Moen: And your telephone number where you can be reached during the day?
Me: My daytime number is ......
Moen: Alright sir, the new part will arrive by mail within two weeks. Is there anything else I can help you with?
Me: Oh, no, that’s all, thank you.
Moen: Okay then, have a good day, and thank you for calling Moen. Goodbye.
Seriously, that was it. By far the best and easiest support phone call I have ever had the privilege to make. Less than two weeks later the part arrived. Within 15 minutes the part was easily installed and the tap hasn’t dripped since. Moen should be given an award for performing so well, and then they should run over to Best Buy and give the Geek Squad some lessons.
Well, a week has passed and I have my consumption usage for my computer set up. With normal usage, my entire computer set up, not counting my large Tektronix color laser printer, uses a whopping 63KWh each week. Or 3276KWh per year. Now, lucky for me, I live in Quebec and our electricity only costs about 5.2 cents per KWh. So my yearly consumption is roughly $170 per year. Considering me entire electricity bill last year totaled about $900, that works out to almost 19% of my electricity goes to just my computer system.
Starting this past Saturday night at 8pm, I have been tracking my consumption in conservation mode. So far, after 68 hours my usage totals 12KWh. Not bad considering last week at this time, I had used roughly 25KWh at this point.
Once I reach the end of the week, I will once again post my usage consumption and give you a little feedback on what I like and dislike about the Kill-A-Watt device.
Well, it’s been a little longer than a couple of days, but as promised here is the second installment of my Kill-A-Watt story. Those of you just tuning in, I bought a Kill-A-Watt meter. Basically you plug it into an outlet, and plug your electric device into the Kill-A-Watt, and presto, it will tell you how many Amps and Watts that device uses. The Kill-A-Watt meter also has a timer built in, and a Kilowatt per hour energy reading on it.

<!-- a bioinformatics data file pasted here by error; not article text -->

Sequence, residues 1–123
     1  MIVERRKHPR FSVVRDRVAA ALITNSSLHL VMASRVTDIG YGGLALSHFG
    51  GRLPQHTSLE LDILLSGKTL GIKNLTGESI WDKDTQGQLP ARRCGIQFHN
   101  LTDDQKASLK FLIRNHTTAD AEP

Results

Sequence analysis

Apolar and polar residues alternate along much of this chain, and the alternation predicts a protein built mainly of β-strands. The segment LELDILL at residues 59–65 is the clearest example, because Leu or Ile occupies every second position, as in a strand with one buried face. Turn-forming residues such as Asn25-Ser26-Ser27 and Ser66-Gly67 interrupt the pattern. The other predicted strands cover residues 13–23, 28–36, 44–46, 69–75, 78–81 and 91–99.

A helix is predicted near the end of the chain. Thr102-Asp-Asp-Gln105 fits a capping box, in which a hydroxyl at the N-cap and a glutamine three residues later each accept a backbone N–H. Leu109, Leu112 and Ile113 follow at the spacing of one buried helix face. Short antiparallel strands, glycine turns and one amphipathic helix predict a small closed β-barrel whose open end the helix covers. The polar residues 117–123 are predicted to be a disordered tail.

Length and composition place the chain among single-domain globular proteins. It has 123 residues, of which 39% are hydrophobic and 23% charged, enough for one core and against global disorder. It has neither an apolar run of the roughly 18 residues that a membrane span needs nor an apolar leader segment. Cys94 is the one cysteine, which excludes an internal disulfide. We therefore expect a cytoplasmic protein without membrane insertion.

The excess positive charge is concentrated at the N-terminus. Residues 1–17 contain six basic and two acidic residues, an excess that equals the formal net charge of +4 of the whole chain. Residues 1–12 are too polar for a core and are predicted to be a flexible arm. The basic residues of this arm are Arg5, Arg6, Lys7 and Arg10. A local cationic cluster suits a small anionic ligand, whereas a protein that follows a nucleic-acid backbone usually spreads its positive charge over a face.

My goal is to determine how much energy my Apple G5 Computer uses in various modes. Here are the preliminary results of my two computers:
Computer A - Apple G5 Dual 2.7 GHz / 2GB of RAM / 2 x 250GB drives / 20” Cinema Display / 15” Viewsonic display and an Epson V350 scanner.
Computer B - Dell 2.4 GHz basic computer with a 40GB or something drive in it. Not used much except for accounting and checkout out my Website designs in IE.
I plugged my main power bar into the Kill-A-Watt device. Into the power bar is everything listed above and an IO Gear KVM.
As a baseline, with everything turned off, except the scanner, which has no power switch, the Kill-A-Watt showed me 8 watts usage.
Nothing turned On - 8W
Apple starting up - 330W
Apple right after startup - 260W
Apple in sleep mode - 14W
Windows starting up - 400W
Windows right after startup - 60W
Mac Sleeping/Windows running - 73W
Mac running/Windows running - 400W
My plan now is to run all my computers as I would normally for a period of 1 week. Which means hardly ever putting the Mac to Sleep, and never putting the Windows machine to sleep. At the end of 1 week, I will then go into energy saving mode and turn off the windows machine when it is not being used and put the Apple to sleep when ever I walk away from it.
My usage on the Apple is pretty heavy, starting at 7:30am and usually finishing around 8:30pm, with some breaks through out the day and a little over an hour for supper with the family. The windows machine is used very rarely, and then only lightly.
To get the ball rolling, I have had the Kill-A-Watt measuring my usage for the past 48 hours and it tells me that I have used 14.8KWh, or $0.7725.
Check back next Monday to see how much energy I have used over the course of a week and a bit.